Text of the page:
Ben Lovvorn, First Baptist Church, Dallas, Texas

Just a block away from the site of the protests in Dallas, First Baptist Church ministers returned to their building late last night to pray for and counsel members of the city’s police department, which lost five officers in the shooting.

First Baptist, led by pastor Robert Jeffress, launched a partnership with the Dallas Police Department in April called “Back the Blue.” The church raises funds to pay for the children of the Dallas police officers to attend camp, offers a special Sunday School for officers, and provides free counseling for officers and their families.

“It’s important for Christians to pray for our city, for the Dallas Police Department, and for our nation as week seek unity,” said Ben Lovvorn, executive pastor of operations.

Lovvorn doesn’t anticipate that the church will speak directly to Black Lives Matter, but will continue to minister to members of the police department.

Tony Evans, Oak Cliff Bible Fellowship, Dallas, Texas

Tony Evans’ 10,000-member Oak Cliff Bible Fellowship sits about 10 miles south of downtown Dallas. Among its members is Dallas police chief David Brown.

Evans told CT that he feels “hurt and pain at the loss of life and the families that have been devastated by this tragedy.”

“Until the church leads the way—and we’ve been co-conspirators in this problem—of bringing God’s point of view to the culture, we’re only going to see more of this,” he told CT. “We must take advantage of the opportunity that we are afforded to make a difference. We must pray but we must do more than pray. We must become salt and light in a unified way to a culture that is desperate for answers. This is our opportunity and we must take advantage of it.”

T. D. Jakes, Potter’s House, Dallas, Texas

Last night, megachurch pastor T. D. Jakes told Facebook Live viewers that he felt “your pain and your anger and your hostility.”

Jakes leads the 17,000-person Potter’s House in Dallas, where he says many of the city’s police officers attend.

“I’m disappointed in the killings and atrocities of innocent young people. It’s very, very painful. I’m very upset at the killings of innocent police officers who have kids at home who are just trying to do their job,” he said. “My heart is broken. I love this country. My heart is broken because this is my country.”

Jakes, whose own grandfather was lynched, called for unity among Christians.

“This is a moment when the church could stand united,” he said. “It is very important that it not just be the black or brown or white church. It needs to be church that Jesus died for and shed his blood for standing together because we are united not by the color of our skin but the content of our character and of our hearts. I grieve for that and I long for that.”

John Sommerville, City Church, Minneapolis, Minnesota

The City Church church service will include an extra time of prayer this week, senior pastor John Sommerville told CT. (Sommerville is a board member for Christianity Today International.)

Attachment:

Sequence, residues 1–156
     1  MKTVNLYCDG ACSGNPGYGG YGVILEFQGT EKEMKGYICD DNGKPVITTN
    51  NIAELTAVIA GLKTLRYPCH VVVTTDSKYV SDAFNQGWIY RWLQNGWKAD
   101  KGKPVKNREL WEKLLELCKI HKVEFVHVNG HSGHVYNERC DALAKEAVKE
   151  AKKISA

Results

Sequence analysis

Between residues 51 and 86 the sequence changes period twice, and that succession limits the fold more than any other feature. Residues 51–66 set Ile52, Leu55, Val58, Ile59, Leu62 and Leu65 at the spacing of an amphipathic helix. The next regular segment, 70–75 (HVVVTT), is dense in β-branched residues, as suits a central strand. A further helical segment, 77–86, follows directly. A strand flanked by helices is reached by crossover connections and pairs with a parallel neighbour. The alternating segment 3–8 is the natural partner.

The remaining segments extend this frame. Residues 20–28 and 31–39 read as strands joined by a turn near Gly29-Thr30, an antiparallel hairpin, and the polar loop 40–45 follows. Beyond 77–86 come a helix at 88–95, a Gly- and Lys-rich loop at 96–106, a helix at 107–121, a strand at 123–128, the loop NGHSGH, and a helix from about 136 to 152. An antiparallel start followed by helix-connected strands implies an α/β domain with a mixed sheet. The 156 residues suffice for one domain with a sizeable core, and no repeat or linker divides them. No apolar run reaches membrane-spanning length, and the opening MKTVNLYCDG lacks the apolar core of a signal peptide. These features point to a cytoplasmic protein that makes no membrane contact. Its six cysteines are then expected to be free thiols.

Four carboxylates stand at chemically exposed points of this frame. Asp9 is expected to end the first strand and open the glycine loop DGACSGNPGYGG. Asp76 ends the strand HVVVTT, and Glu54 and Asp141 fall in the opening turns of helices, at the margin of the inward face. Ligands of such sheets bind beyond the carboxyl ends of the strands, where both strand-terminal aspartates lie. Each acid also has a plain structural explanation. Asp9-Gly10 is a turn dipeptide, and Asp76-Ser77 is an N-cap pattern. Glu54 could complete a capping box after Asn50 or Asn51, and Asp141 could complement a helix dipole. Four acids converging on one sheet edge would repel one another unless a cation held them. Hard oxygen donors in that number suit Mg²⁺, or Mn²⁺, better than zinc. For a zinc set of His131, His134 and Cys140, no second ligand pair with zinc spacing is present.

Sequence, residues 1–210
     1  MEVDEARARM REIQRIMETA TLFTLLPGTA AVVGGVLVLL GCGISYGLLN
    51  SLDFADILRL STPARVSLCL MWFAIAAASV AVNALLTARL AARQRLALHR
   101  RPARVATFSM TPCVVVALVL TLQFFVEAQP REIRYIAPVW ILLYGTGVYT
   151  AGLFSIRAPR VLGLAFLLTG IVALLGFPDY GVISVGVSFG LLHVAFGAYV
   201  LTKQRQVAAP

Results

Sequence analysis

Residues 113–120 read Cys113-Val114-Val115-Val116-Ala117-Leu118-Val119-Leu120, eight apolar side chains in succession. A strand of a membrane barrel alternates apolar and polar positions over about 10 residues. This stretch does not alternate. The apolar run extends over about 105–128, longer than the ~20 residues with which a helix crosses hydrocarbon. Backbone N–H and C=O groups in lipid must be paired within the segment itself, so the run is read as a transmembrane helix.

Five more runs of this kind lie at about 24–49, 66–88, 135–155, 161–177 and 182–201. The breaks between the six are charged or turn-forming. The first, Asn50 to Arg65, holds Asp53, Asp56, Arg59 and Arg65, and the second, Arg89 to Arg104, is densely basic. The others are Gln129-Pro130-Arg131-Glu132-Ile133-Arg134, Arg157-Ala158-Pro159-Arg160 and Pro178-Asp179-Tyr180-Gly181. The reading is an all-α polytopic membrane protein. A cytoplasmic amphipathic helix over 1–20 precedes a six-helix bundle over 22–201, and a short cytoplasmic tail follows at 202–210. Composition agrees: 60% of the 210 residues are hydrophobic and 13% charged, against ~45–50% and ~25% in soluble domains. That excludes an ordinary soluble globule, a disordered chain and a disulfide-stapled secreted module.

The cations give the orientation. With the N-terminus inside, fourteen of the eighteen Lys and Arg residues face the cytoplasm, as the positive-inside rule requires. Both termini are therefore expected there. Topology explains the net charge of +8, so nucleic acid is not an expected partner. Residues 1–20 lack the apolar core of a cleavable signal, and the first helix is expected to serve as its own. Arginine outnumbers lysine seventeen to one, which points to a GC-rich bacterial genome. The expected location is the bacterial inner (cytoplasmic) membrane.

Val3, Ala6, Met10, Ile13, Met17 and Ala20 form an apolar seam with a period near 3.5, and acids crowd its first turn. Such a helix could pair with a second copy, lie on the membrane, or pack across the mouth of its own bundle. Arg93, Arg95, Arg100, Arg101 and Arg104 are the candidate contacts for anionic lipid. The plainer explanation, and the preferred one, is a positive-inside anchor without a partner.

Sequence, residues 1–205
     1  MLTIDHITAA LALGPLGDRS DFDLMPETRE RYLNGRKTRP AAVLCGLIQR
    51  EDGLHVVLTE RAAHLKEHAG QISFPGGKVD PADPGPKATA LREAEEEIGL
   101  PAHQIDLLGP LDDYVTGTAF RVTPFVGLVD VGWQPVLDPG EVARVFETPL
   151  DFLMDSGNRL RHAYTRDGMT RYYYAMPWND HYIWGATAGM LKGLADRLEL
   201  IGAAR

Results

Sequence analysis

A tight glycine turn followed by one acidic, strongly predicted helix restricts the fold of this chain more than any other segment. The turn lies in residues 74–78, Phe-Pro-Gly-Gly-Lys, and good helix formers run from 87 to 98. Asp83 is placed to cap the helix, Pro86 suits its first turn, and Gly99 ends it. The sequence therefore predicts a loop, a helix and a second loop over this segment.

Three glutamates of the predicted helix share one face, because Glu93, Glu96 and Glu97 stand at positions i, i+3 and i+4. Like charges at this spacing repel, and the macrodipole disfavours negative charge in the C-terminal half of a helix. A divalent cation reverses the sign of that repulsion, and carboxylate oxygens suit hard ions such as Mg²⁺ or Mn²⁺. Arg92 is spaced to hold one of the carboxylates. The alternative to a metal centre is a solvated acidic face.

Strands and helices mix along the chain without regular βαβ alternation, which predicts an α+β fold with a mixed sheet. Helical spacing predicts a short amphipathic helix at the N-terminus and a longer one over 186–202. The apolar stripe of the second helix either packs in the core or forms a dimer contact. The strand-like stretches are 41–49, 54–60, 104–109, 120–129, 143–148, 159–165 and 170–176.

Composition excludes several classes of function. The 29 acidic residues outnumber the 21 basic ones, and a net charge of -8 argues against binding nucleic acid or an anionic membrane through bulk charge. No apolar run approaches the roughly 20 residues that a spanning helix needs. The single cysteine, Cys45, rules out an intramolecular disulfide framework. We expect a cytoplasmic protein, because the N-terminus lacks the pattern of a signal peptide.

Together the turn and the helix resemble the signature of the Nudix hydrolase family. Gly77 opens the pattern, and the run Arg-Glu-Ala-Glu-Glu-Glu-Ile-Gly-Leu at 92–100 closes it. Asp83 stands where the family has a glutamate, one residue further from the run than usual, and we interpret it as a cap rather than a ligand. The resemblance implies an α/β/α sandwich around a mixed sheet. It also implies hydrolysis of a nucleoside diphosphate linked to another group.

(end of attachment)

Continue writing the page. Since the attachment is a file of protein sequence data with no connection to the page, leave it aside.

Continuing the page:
“It’s really hard to even articulate our emotions and what we feel,” he said. “Some are angry. Many of us feel very numb because this seems to come one tragedy on top of the other.”

“It feels like, ‘When is this going to stop? I don’t think we know what to say, and so being quiet and not rushing in to make comment is what we need to do. We need to pursue God, ask him for wisdom and guidance, and intercede for the people who have been touched by these tragedies.”

John Crosby, Christ Presbyterian Church, Edina, Minnesota

Christ Presbyterian Church in suburban Minneapolis will add a prayer of lament and confession to its worship this week, senior pastor John Crosby told CT. The church has been spending a month examining conflict around the world, specifically between Israel and Palestine, Muslims and Christians.

“We'll draw parallels to the tension and violence gripping our country,” Crosby said.

The church must step into the mess and “Iive in the tension while resisting partisan, political divisiveness,” he said. “In this case, as an affluent majority-culture church, we want to lead with silence and lament, listening rather than prescribing answers.”

Greg Boyd, Woodland Hills Church, St. Paul, Minnesota

The sermon that Woodland Hills Church hears on Sunday won’t be the one that senior pastor Greg Boyd wrote earlier this week. “I couldn’t authentically preach on it, and I didn’t have any type of passion for it,” Boyd told CT. Instead, he consulted his friend and mentor Dennis Edwards, an African American pastor who leads Sanctuary Covenant Church in Minneapolis.

“We’re taking a distinct kingdom perspective where don’t buy into the polarities—that you’re either for black people or for the police,” said Boyd. “That’s a myopic individualistic approach…. Paul tells us in Ephesians 6 that our struggle isn’t against flesh and blood but against powers and principalities.”

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What Do You Preach After a Week Like This?